For the Journey

We adore you, O Christ, and we bless you, because you have embraced us while embracing the cross. When pain can make a person self-preoccupied, there walks Jesus still ministering with his gentle words and gestures. We watch him and listen to his words from the throne of the cross. “Forgive them . . .” With our imaginations we are privileged to witness God’s final statement about who we are.

We have watched the violence of scourging, crowning with thorns, stumbling under the weight of the cross, and the mockery of his tormenters. Now we stand with Mary where it is not violent but safe. At the foot of the cross we can say anything we want or anything we usually say about ourselves, but those words and images pale in meaning and importance when we stand at his feet and receive what he is saying over us. We are safe here; we stand in the shadow of the cross. This shadow cancels our personal shadows, our guilt and shame. There can be some shame in our spirits flowing from our realization that it has taken all this to impress on us how loved we really have been all during our wanderings and strayings.

As he is dying, the crowds give up their jeering and move away to continue their celebrating of the Passover within the city of Jerusalem. We stay in the quiet celebration of the “new and everlasting covenant.” Doubts and fears have chased most of his friends away, but he has remained faithful, and we pray to receive encouragement to our staying faithful to him. Away from the shadow of the cross, our shadows lengthen and our past infidelities incline us to not believe and not receive all that he has said about us while on his journey to the cross of cancellation. We gratefully return to our watching place, his watching place. We listen to his final benediction and pledge of faith in his Father’s care.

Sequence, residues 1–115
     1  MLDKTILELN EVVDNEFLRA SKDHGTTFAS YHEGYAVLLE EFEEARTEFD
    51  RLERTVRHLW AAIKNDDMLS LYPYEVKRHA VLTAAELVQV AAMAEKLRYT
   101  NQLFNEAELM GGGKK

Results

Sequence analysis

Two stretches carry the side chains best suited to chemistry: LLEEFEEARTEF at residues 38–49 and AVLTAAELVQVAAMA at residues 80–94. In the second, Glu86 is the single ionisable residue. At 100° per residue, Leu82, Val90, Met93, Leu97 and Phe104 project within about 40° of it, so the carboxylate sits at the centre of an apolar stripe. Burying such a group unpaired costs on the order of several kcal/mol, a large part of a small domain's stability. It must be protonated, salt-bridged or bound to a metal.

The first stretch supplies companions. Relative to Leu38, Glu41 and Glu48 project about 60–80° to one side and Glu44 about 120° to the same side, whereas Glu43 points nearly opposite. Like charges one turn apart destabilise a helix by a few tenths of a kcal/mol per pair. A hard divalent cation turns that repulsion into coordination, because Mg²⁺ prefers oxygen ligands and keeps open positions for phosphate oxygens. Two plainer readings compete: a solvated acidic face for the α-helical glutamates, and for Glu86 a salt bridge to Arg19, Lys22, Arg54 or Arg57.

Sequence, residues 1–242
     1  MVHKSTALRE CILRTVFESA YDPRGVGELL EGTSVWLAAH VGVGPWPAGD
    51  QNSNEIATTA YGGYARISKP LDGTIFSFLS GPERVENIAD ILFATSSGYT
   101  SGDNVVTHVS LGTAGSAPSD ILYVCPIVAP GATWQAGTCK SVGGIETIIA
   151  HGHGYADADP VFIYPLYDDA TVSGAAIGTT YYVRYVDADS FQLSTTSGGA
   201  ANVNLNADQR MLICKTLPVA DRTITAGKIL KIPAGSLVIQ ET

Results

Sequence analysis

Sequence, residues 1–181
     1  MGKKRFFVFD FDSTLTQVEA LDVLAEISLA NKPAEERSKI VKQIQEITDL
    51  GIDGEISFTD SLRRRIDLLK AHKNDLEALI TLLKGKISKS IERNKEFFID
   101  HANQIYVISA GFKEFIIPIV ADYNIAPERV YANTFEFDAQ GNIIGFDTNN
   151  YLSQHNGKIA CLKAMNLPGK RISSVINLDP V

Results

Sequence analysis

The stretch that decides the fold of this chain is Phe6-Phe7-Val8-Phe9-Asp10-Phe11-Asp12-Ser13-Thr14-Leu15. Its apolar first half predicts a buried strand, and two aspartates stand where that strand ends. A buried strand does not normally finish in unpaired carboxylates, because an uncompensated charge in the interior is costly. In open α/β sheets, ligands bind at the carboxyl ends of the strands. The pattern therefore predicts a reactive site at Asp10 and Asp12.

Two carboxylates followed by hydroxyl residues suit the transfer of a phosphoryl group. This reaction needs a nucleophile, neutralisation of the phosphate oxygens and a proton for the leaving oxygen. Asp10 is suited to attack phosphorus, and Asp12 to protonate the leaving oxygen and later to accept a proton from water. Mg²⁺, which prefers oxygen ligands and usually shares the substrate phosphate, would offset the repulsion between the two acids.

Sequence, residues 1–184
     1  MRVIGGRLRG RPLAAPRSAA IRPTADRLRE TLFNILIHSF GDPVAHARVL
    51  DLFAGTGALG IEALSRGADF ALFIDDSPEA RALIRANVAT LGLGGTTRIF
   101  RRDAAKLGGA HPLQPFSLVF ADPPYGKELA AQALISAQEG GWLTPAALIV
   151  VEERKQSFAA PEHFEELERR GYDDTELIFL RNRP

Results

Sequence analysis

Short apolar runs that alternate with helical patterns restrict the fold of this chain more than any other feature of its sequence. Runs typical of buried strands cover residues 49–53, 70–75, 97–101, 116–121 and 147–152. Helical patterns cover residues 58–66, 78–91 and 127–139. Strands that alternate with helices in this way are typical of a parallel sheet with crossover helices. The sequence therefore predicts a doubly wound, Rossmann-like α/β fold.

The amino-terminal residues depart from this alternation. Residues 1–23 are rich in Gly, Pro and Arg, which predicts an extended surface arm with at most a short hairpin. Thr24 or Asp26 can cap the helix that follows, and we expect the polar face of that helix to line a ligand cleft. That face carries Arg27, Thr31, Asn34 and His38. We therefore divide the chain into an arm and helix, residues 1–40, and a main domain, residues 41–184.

Ignatius asks those making the Exercises to quietly receive at this second Eucharistic celebration all that is offered. We look up at this cruciform altar and ponder the words of the prophet Isaiah: “Here is the Servant of the Lord. He was despised and rejected by men, a man of sorrows, and acquainted with grief and we esteemed him not” (Isaiah 53:3). We pray with our hands open to accept this mystery of our being loved this much and for always. At the foot of the cross our arguments falter and our questions about worthiness are rendered absurd. We watch, we listen, we are safe, and we find ourselves created anew, again.

“Who has believed what we have heard?” (Isaiah 53:1). We do, as we refuse to turn away with clenched hands of unworthiness and shame. We stand there until we feel safe to let them take him down. It is a holy stand we take these days of receptivity. “He was wounded for our sins, he was bruised for our iniquity; upon him was the punishment that made us whole, and by his stripes we are healed”(Isaiah 53:4)

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